Although 1 in 10 children and adolescents suffer from mental illness severe enough to cause some level of impairment, in any given year fewer than 1 in 3 of these children receives needed treatment, according to the Surgeon General.
For many students, school counselors are the most fundamental access to mental health treatment in the form of a listener.
“My day might begin with a certain plan, but if it comes to my attention that an individual has written a note indicating some suicidal tendencies, then my plan goes out the door,” explained Niles High School Counselor Joan Langmeyer.
Recent school shootings have highlighted a growing mental health problem in the United States, but not the solution.
“It’s still a taboo to even mention that they have depression or anything of any kind,” said mental health advocate and retired South Bend teacher, Pat Herr. “So you can imagine with children and with teens the last thing they want to be different from anybody else that they go to school with... and the awareness is still not there today.”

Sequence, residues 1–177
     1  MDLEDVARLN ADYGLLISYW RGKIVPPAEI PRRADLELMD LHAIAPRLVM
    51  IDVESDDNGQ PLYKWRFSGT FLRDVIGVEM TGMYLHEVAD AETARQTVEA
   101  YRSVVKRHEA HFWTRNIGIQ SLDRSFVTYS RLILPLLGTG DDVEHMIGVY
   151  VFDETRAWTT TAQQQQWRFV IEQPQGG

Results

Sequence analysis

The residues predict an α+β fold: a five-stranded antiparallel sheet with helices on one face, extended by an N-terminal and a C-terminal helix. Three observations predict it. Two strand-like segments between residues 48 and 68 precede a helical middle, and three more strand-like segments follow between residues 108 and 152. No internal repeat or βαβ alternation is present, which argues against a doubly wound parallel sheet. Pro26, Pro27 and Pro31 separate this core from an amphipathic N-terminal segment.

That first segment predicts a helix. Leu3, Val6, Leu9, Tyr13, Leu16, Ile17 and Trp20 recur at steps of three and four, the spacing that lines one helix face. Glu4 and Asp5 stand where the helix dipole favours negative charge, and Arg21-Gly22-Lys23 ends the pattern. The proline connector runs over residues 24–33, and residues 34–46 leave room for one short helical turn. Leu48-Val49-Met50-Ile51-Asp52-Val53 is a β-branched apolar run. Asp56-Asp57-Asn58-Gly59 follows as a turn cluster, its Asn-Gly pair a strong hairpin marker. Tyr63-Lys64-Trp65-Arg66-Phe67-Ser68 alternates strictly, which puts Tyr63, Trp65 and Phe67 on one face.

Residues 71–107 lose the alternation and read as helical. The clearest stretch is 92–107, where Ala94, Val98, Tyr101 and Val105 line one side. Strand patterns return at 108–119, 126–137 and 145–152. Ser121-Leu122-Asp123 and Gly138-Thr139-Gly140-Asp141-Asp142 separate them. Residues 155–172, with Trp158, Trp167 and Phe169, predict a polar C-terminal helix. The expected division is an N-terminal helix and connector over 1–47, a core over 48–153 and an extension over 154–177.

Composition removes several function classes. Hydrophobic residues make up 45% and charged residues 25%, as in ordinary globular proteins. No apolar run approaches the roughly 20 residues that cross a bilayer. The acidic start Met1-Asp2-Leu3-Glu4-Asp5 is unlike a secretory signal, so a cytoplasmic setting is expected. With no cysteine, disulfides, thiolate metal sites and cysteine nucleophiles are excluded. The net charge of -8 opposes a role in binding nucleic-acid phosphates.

And in a time when access to mental health treatment is becoming more and more crucial in schools, counselor numbers are dwindling.
“You would have greater odds, same thing with students in the classroom, the odds of them being able to personally connect with that student are greater just as if the counselor has fewer students that they are working with,” said John Young Middle School Counselor Laurie Schalliol.
While budget cuts are unavoidable, many mental health advocates say counselors could be that saving link in our nation’s schools.
“If we could get these budgetary concerns into alignment,” said Herr. “I think we would see how crucial counselors are to listening, picking up behavior and getting students the treatment they need earlier.”